Today I was quoted briefly in an article in the New York Times business section about the YMCA's new ad campaign. Five years ago, the YMCA renamed itself "The Y" without totally dropping YMCA from their logo. This was similar to Kentucky Fried Chicken becoming KFC. The Young Men's Christian Association name didn't accurately reflect the organization which doesn't just serve Christian young men, and in many cities, the YMCA was seen mostly as a gym and swim facility. So five years after their renaming, the Y launched their first-ever national ad campaign with TV spots, the first one airing during "60 Minutes" last night.
The Y's ads are powerful and well-produced, emphasizing the Y's commitment to servicing at-risk youth to reposition the organization as much more than a health club. Their goal is to broaden their support and ultimately fundraise for these programs. I wish them luck. You can see the spots here.
Non-profit organizations must rethink their public face every few years and seriously consider a major rebrand once a decade. Creative focused disruption is a necessary part of growth and vitality. Non-profits are competing for public attention, members and donations. It is no longer that much different than competition in the consumer sphere. I must get 50 email pitches and updates from environmental organizations a week. Which ones do I support? Non-profits need to remain relevant and too many can get stuck in a rut that can last for years, even decades. What worked in the past may no longer still work as well, but change is rarely easy.
Some years ago I was engaged by a large non-profit to handle their communications and the announcement of a new CEO. Their retiring CEO had been in charge for over 20 years. During the exploratory process, the group held a large meeting of active members. As board members presented an update about the CEO search and reflections about the future, the response from the audience was mostly dread. More than half the attendees felt strongly, "We don't want change." One older member said that she like things just the way they were. This was not surprising. The outgoing CEO had told me at our first meeting "I hate change."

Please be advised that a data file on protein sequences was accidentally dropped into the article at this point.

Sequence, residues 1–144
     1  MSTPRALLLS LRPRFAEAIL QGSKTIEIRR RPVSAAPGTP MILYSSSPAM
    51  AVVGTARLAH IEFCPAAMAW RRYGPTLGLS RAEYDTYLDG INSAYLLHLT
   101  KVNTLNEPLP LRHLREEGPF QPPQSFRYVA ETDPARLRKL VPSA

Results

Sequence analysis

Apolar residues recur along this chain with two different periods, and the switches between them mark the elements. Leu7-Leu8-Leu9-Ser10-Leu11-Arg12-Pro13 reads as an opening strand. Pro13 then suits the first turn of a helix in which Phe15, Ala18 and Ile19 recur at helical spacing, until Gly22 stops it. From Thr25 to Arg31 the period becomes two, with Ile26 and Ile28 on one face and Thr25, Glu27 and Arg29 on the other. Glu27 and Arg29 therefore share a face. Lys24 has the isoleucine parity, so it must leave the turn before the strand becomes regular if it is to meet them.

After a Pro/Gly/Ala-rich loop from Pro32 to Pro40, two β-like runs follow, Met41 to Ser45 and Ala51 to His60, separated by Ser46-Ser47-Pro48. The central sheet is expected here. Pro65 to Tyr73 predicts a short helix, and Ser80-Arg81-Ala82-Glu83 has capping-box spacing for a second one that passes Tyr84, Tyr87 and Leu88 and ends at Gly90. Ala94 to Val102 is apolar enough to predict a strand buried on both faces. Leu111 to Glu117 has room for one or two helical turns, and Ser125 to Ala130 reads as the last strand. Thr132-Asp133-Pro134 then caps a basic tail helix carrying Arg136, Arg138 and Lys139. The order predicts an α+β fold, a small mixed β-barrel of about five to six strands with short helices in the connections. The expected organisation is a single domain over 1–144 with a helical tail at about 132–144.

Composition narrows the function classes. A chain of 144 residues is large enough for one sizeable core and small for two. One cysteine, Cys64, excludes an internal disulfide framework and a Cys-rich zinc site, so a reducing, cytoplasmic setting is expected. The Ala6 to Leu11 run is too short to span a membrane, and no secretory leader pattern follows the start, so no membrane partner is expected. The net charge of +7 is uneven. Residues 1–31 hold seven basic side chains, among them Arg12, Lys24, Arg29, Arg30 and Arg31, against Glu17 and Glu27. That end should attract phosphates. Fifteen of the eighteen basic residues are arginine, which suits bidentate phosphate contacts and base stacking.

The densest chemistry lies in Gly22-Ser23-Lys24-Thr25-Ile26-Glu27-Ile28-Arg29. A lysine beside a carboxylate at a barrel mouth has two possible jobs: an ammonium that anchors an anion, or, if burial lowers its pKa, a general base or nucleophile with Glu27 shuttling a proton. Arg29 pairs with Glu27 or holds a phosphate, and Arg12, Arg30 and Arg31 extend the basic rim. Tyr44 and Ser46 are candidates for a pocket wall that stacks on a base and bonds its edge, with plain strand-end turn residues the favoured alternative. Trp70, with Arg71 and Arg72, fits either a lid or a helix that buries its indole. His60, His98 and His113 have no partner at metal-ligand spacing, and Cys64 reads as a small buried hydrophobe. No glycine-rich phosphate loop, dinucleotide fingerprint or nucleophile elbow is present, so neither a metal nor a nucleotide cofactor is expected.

Change is a fact of life and resisting it only creates stress and anguish. Each year, this organization was losing members and donors. Their activities and policies had not substantially adapted in 50 years, and if they continued along the same path, their end was in sight. At the same time, it was clear that change had to be implemented carefully, consciously, with all the organization's stakeholders part of the process. Organizations needs to find the middle path as they adapt to current realities without alienating too many traditional supporters. At the same time, paralysis and stagnation is a recipe for institutional evaporation.
I salute the Y's effort to show the world that they are more than a health club. My quote in the New York Times piece emphasized the Y’s need to both showcase their engagement with the community without abandoning their gym and swim services which likely pays most of the bills. Wouldn't it be wonderful if the Y could find a way to engage their gym-goers to support their social services, volunteer, donate?
One last point. I have lived in New York City for nearly 20 years now and I have never been to the Y for an event. I have attended all kinds of receptions, conferences, screenings, gatherings at churches, temples, universities, foundations, embassies, schools - but never once at the Y. Why not? I appreciate their social service work (even though I never heard a word about it until last week) and welcome their new marketing push, but perhaps they also need to find ways to become more engaged in the wider world of New York City?